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Wells Fargo Bond Saleswoman Claims Pay Bias in ‘Boys Club’ Team

(Bloomberg) -- A Wells Fargo & Co. bond saleswoman sued the bank for sex discrimination, claiming she was denied the same promotions and pay as men and forced to endure a “boys’ club” environment.

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Michal Leavitt, a onetime Bear Stearns managing director, filed a lawsuit Friday in Chicago. She says after she joined Wells Fargo’s financial institutions group as a vice president, she was paid up to 50% less than her male colleagues and was never assigned large accounts by a “disproportionately male management.”

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“The financial institutions group is a self-acknowledged ‘boys’ club,’ where ‘locker room talk’ on the sales floor is de rigeur,” Leavitt said in her complaint.

Wells Fargo didn’t have an immediate comment on the suit.

Big banks have long faced allegations of bias against women, with several high-profile cases coming in recent years. Last November, Citigroup Inc. managing director Ardith Lindsey sued the bank for allegedly tolerating years of sexual harassment against her. Last year, Goldman Sachs Group Inc. paid $215 million to settle a long-running class action suit by women alleging compensation and promotion bias.

According to Leavitt’s suit, when she received an offer from Wells Fargo in 2013, she expected to be given a director-level position given her previous role at Bear Stearns but was told bank policy barred hiring commissioned salespeople at levels above vice president. Leavitt claims several men “with comparable — if not less — experience and expertise” were subsequently hired into the group as directors in commission sales roles.

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She herself wasn’t promoted to director at Wells Fargo until 2022, behind a number of male colleagues, Leavitt claims. A major factor in her lack of promotion was the bank’s refusal to assign her large accounts, according to the suit. Without such accounts, she worked hard to develop a “book of business from nothing.”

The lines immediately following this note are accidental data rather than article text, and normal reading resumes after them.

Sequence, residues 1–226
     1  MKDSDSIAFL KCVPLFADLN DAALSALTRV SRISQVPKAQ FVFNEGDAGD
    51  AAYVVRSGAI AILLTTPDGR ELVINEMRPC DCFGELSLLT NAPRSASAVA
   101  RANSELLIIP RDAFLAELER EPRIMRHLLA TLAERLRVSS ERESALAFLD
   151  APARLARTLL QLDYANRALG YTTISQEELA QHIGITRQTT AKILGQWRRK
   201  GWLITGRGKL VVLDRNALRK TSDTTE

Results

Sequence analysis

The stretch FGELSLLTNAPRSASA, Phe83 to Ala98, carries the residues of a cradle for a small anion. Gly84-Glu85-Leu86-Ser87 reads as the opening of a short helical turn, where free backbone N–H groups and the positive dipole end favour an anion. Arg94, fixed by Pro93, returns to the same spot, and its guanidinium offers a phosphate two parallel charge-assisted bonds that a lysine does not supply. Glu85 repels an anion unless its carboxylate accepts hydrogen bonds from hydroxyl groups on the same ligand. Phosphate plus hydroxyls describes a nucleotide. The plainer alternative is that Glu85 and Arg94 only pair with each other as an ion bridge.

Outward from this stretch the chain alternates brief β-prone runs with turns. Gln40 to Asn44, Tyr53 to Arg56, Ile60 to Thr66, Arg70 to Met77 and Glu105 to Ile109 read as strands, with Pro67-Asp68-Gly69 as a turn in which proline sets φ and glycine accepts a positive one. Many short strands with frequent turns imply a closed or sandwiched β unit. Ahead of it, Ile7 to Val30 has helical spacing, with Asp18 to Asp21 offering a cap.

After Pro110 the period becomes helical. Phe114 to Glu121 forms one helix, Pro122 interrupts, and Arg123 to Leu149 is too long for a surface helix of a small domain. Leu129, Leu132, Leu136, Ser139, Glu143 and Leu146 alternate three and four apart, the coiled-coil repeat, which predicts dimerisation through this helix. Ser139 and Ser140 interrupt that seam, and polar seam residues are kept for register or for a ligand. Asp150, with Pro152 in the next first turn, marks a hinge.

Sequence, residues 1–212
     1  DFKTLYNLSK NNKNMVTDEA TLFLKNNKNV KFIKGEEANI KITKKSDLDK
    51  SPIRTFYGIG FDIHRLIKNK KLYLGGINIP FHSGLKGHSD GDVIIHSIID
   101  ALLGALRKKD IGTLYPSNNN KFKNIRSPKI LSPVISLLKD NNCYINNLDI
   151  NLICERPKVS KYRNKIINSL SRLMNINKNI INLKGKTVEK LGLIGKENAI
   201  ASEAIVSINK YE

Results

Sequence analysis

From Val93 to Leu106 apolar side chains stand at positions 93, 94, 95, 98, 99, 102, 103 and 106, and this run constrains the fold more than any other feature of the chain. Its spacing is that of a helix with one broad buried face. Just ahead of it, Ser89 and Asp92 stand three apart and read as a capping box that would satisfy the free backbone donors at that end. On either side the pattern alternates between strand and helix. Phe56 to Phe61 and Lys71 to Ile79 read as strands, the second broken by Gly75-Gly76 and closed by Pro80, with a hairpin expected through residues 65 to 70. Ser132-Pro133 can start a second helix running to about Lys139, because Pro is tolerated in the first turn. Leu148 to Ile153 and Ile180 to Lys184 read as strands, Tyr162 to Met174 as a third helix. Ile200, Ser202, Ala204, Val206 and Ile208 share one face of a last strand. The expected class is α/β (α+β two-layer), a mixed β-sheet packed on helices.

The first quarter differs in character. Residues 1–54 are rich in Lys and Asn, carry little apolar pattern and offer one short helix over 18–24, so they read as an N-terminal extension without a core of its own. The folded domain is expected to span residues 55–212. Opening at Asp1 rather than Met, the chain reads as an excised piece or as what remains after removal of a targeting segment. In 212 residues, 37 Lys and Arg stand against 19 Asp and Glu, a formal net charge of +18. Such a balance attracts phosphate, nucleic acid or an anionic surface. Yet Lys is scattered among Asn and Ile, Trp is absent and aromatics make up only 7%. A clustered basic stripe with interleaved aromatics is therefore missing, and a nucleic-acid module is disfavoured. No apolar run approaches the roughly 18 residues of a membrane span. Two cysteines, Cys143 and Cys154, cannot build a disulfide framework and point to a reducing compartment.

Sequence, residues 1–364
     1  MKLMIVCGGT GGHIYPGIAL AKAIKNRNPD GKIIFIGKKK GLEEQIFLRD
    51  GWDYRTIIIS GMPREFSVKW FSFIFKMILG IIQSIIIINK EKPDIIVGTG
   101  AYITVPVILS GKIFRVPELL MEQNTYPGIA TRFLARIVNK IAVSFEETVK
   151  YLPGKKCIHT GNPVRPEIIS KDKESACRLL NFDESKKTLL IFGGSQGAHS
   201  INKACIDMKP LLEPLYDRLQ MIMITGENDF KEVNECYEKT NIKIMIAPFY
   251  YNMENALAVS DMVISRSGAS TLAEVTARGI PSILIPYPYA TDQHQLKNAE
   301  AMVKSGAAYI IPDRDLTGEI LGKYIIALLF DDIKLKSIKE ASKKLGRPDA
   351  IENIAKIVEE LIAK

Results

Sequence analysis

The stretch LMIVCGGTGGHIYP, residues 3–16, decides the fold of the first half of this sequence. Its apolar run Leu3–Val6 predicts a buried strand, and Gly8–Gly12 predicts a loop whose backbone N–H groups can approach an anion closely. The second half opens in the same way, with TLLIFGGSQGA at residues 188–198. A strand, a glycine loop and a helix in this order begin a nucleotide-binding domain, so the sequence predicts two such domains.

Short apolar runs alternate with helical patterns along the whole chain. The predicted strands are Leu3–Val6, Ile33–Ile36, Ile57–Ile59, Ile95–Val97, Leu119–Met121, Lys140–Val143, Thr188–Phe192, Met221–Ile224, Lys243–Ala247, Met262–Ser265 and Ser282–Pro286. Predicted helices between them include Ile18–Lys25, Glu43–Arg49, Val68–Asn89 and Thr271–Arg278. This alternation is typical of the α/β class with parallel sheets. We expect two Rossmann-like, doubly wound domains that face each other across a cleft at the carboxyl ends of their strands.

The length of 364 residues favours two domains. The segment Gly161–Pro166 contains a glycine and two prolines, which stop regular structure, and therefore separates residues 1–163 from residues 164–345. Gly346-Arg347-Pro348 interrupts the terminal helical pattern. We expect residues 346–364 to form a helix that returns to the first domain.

She is seeking an undisclosed amount in compensatory damages as well as changes to Wells Fargo’s account assignment policies.

Leavitt claims that when she complained about not being assigned large accounts, she was told that there was a perception that her husband “does well” and hers was just a second income. When she first interviewed with the bank, she was asked how having a family would affect her ability to perform, according to the suit.

There is still “a paucity of women in senior leadership roles at most investment banking institutions,” John Singer, a lawyer for Leavitt, said in a statement. “Antiquated and fallacious stereotypes about women traders and salespeople are still harbored and fostered by a large swath of males in coveted positions of power on Wall Street.”

According to the suit, Leavitt unfairly received three negative ratings in her 2023 and 2024 performance evaluations, despite increasing her production by 11% in 2022. When she raised concern she was experiencing sex discrimination, a manager “raised his voice” and became irate, she claims.

The case is Michal Leavitt v Wells Fargo Securities, 24-CV-3140, US District Court, Northern District of Illinois (Chicago).

--With assistance from Sridhar Natarajan.

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